The Suspension of Belief
Gravity is a decision, and in some cases a predisposition, to orient in a particular direction. A decision to orient in the opposite direction of gravity can be called orientation in the direction of anti-gravity. Such decisions are made by a force we can call consciousness. Consciousness, in this case, is referring to a thought-force or mind action that precedes any physical manifestation resulting from the decision to orient one way or the other.
Gravity can also be described as the magnetic attraction of one or more smaller objects to a larger object. The greater the number of smaller objects being attracted to the larger object, the greater the larger object’s sphere of influence becomes. It becomes more or less attractive.
To offset the influence of gravity — the influence of which can become so pervasive as to become habitual or ‘natural’ to our behavior — a counter-balance to the attraction of gravity must be available. This counterbalance can be referred to as the attraction of antigravity.
If the opposite attractions or forces are equal, i.e. if we are equally attracted to or in consideration of both of these fields, then a state of suspension can exist. In this case, suspension can be visualized as a form of neutral buoyancy.
There is the saying, “What goes up, must come down.” This saying is pre-disposed to gravity. Interestingly, we rarely hear, “What comes down, must go up.”
If we consider both of these sayings equally, however, we can find ourselves suspended between them. But because we do not consider both concepts equally, we find ourselves predisposed toward one of them, toward gravity, toward the direction of ‘down’. Consequently, we are therefore predisposed to being attracted to objects (or even concepts, people or goals) with a larger (gravitational) mass or influence. Thus, the ability of every man and woman to be capable of thinking for themselves, freely so, becomes greatly diminished. This is because in our diminished state, we incorrectly attribute our own individual and exceedingly modest free thinking to grand and unrestrained Free Thinking. Since our thinking and behavior is so restricted and restrained, we are easily influenced or even manipulated by forces greater than ourselves.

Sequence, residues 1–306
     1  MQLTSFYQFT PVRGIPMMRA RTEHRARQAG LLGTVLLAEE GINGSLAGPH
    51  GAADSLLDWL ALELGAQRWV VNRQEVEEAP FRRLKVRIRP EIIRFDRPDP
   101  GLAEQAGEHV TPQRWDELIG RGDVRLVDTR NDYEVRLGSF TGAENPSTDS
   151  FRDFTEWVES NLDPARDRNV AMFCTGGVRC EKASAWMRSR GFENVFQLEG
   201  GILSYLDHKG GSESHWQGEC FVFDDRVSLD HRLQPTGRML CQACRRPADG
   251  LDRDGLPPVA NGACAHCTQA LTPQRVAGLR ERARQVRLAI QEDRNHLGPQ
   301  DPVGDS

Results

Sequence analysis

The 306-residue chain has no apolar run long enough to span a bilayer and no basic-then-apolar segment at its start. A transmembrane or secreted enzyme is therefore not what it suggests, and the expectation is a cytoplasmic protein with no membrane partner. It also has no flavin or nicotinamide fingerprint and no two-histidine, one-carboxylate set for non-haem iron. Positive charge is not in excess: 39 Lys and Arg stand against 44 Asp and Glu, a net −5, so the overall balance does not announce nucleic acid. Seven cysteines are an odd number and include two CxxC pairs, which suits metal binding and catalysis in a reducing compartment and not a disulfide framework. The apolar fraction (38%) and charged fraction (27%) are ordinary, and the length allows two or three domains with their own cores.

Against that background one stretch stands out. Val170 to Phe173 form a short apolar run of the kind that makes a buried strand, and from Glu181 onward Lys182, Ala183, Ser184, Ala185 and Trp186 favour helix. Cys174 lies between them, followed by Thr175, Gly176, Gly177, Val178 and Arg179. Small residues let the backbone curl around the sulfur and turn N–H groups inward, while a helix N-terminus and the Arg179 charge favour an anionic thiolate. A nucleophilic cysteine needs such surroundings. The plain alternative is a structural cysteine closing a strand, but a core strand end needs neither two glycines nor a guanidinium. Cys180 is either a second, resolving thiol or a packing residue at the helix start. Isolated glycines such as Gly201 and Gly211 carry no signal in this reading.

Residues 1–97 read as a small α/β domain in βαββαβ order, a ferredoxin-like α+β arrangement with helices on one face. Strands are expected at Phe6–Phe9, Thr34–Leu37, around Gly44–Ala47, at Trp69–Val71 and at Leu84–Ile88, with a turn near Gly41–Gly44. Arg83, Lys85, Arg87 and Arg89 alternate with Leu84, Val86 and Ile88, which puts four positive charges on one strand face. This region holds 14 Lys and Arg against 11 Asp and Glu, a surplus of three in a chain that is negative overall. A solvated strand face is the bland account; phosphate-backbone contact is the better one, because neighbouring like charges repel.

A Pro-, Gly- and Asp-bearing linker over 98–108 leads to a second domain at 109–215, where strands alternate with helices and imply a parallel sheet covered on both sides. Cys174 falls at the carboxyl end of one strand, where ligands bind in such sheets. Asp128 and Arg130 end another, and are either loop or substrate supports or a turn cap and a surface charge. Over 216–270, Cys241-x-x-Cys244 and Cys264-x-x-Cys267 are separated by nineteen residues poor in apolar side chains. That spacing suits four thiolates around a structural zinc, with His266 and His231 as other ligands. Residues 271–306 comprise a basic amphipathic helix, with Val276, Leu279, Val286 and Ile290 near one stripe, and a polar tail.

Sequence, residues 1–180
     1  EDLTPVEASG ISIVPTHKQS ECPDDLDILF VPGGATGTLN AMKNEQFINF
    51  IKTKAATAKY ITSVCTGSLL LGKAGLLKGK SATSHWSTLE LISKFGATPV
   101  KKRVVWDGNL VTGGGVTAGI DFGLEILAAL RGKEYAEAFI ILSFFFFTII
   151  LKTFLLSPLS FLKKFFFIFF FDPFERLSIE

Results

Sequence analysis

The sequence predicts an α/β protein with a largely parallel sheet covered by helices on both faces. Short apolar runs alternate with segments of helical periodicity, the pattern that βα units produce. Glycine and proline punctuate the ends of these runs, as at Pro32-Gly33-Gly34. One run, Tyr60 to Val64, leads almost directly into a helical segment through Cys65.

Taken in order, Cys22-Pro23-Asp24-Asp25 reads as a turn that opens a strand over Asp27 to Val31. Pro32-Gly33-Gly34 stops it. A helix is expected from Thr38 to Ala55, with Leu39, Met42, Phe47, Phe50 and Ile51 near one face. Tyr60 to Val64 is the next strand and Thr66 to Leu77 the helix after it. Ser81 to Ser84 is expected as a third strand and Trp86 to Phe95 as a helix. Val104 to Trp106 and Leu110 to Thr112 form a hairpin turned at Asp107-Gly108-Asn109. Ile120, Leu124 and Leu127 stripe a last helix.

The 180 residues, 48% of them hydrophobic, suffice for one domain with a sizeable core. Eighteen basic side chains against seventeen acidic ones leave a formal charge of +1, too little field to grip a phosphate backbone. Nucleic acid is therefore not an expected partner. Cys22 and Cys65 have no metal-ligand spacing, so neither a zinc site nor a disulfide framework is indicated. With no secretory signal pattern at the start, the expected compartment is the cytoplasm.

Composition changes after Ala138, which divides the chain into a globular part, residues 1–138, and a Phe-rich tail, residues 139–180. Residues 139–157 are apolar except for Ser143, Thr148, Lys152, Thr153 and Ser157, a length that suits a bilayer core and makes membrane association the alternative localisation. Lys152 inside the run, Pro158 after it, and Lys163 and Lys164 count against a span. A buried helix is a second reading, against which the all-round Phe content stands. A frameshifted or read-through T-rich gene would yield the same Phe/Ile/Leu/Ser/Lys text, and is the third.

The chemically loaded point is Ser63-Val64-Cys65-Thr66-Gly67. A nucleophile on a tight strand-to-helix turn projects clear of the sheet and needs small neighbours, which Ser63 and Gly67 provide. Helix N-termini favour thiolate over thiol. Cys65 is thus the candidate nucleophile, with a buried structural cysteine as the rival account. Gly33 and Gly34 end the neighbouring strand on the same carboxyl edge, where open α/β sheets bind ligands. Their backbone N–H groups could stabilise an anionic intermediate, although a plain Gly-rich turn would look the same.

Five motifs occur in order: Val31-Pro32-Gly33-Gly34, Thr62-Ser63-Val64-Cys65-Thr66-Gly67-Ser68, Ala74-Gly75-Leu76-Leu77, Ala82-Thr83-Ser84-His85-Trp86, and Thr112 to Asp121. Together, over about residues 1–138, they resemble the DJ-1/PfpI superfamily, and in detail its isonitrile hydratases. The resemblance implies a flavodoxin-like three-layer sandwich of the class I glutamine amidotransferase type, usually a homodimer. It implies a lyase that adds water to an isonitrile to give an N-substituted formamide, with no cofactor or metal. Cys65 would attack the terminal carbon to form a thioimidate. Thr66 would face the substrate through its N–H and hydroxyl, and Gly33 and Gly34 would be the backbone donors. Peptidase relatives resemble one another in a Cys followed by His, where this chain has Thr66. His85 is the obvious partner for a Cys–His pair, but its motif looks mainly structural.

In a sense, in the presence of a larger body, the power of gravity can act as an interference field. Similar to static noise on a radio, the interference overrides clarity. Without clarity, a smaller body’s ability to make a free will choice is inhibited.
If we are born, live and die within the sphere of a larger body’s gravitational force, no other choice is known. When there is no other known choice, how can there truly be free will? Within the constraints that a much larger force naturally imposes, the smaller body finds itself subjected to force, not choice. Thus the saying, “I feel I am somehow being forced to live a life not completely of my own choosing.”
If we believe or can point to evidence that we are bound by the rules of gravity, who can argue otherwise? This fundamental inability to debate or even consider that we are not necessarily bound or forever doomed by the force of gravity is a major indicator of our stunning scientific and psychological ignorance of the nature of reality and consciousness.